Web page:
The most important statements in the paper are those which reveal that the gap is widening between Soviet military power in being and that of the United States and its allies. It seems to me here lies the core of the paper, and perhaps more evidence in support of the thesis, whose validity I do not in any way question, would be very useful in supporting the conclusion that we must make a greater military effort.

Another factor which I think is of some importance is that there is not throughout the paper a clear enough distinction made between the military requirements for a cold war as against those required in the event of actual hostilities. It would seem to be valuable, therefore, to add a section dealing with the consequences, both advantageous and disadvantageous, of the announcement and inauguration of a large scale program of rearmament in the circumstances of the cold war. I think we should recognize clearly that in its initial phases and until its results begin to be visible such a program would tend to hamper rather than help in the cold war. I am not suggesting it should not be done, but it should not be presented on the basis that the mere fact of the inauguration of the program would be heartening, etc., to public opinion in the free world. I can elaborate this point with further details if you so desire.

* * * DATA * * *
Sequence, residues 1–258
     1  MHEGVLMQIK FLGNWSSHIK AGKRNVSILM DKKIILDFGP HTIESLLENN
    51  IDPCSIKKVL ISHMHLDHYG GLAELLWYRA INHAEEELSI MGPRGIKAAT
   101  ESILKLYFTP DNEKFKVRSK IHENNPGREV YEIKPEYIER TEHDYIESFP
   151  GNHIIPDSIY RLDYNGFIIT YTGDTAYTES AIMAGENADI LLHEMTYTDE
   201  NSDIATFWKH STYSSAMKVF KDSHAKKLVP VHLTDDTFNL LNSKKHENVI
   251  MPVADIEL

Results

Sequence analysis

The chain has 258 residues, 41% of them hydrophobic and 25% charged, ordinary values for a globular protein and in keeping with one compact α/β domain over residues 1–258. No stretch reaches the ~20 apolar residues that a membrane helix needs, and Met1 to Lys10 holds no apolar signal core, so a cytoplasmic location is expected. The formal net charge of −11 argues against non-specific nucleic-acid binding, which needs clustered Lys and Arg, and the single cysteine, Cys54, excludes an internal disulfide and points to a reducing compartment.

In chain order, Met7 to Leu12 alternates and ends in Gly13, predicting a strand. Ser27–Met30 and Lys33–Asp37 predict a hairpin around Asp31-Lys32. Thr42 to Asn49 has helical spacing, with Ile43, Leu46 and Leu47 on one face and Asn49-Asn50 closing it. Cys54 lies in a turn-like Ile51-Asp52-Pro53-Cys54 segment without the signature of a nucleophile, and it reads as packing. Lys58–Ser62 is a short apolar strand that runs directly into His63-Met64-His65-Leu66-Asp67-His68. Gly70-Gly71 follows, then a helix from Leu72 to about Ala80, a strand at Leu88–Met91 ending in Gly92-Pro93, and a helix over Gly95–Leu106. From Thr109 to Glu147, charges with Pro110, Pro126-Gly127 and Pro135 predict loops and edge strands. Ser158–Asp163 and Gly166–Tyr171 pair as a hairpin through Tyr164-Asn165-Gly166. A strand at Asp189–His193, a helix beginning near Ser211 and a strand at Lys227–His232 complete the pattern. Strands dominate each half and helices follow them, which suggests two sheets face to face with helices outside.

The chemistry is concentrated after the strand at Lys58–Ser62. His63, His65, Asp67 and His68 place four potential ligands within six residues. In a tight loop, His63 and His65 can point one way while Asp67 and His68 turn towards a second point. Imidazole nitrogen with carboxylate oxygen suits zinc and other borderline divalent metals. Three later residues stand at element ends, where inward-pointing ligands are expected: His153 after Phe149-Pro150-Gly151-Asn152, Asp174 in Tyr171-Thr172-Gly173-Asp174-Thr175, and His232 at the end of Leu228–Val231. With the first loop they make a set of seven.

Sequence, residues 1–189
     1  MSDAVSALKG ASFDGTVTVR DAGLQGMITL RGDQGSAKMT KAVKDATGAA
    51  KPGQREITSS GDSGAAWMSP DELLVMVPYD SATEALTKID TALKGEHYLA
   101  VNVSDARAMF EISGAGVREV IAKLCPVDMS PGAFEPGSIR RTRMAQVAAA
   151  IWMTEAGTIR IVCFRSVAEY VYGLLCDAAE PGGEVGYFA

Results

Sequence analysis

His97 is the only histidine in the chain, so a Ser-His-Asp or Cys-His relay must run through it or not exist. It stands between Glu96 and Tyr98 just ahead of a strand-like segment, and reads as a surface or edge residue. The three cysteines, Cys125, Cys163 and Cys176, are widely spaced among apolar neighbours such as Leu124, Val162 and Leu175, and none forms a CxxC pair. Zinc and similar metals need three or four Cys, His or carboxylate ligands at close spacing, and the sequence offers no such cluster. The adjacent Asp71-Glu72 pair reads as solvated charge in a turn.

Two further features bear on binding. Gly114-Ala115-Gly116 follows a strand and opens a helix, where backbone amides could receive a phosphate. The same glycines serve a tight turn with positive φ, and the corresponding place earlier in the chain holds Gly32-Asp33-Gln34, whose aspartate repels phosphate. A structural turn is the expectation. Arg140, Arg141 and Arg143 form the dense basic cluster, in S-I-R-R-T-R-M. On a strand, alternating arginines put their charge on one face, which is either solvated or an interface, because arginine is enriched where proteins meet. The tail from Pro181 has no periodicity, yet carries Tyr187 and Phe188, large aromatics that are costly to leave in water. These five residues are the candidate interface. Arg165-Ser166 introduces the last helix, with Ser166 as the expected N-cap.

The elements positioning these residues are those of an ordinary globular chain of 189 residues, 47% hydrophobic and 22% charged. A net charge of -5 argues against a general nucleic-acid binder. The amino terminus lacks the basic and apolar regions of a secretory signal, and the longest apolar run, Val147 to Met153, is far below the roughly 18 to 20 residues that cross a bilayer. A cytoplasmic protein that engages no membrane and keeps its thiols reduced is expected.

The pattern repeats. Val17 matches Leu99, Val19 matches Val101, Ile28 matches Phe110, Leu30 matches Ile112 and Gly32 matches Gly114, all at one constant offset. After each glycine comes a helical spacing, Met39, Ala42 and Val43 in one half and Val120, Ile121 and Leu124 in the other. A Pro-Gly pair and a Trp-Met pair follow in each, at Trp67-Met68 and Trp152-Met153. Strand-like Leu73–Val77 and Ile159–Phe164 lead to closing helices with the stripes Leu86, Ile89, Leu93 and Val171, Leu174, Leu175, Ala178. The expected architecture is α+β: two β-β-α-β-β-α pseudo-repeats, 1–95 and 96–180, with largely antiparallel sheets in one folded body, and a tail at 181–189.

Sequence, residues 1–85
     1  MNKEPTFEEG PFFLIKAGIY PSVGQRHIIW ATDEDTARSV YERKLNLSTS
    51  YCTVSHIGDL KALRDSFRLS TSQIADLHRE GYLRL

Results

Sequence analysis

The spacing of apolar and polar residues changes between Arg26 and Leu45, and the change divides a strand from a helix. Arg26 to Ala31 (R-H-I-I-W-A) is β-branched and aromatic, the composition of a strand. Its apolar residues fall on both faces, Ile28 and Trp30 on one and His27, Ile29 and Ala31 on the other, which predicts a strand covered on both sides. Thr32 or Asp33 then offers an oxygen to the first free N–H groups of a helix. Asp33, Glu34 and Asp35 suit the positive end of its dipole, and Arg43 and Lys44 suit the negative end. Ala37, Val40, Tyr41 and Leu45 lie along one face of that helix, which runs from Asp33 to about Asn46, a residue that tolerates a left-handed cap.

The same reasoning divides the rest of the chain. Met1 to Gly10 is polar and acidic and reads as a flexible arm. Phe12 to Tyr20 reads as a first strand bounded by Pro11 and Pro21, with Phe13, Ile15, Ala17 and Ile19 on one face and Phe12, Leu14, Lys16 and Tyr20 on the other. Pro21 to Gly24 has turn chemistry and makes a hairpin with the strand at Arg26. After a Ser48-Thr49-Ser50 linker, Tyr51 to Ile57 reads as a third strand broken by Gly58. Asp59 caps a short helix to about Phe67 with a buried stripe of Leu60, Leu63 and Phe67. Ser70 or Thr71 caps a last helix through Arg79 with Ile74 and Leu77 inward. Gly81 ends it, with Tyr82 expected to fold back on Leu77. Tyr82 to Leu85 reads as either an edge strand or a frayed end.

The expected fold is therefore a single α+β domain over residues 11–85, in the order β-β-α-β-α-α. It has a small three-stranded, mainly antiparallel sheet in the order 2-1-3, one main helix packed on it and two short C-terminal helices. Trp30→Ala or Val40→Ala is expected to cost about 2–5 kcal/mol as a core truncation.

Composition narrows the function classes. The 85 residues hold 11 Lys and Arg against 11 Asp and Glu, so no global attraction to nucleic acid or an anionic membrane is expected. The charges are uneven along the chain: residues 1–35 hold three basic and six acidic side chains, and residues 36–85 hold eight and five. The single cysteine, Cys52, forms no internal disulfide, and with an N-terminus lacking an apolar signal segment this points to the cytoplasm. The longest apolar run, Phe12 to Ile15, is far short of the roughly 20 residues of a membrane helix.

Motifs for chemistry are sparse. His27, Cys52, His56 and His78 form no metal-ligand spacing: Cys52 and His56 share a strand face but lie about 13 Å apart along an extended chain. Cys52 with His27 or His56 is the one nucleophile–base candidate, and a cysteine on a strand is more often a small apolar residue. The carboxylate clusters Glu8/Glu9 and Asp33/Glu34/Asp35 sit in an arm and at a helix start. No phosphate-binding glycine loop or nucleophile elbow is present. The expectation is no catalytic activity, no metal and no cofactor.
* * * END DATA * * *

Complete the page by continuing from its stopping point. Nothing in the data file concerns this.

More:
Another point which might be made more precise would be an analysis of exactly what, in the present world, constitutes a deterrent to the launching of war by the Soviet Union. As you know, I believe that too much emphasis has been given to the atomic bomb as a deterrent in the past while we held the monopoly. I think it is difficult to deduce any evidence that this monopoly on our part influenced Soviet policy during this period or abated its aggressiveness. Conversely and logically, there has perhaps been too much emphasis placed upon the effect on Soviet policy of their possession of the atomic weapon. I would like to make the following concrete suggestions for changes in this paper: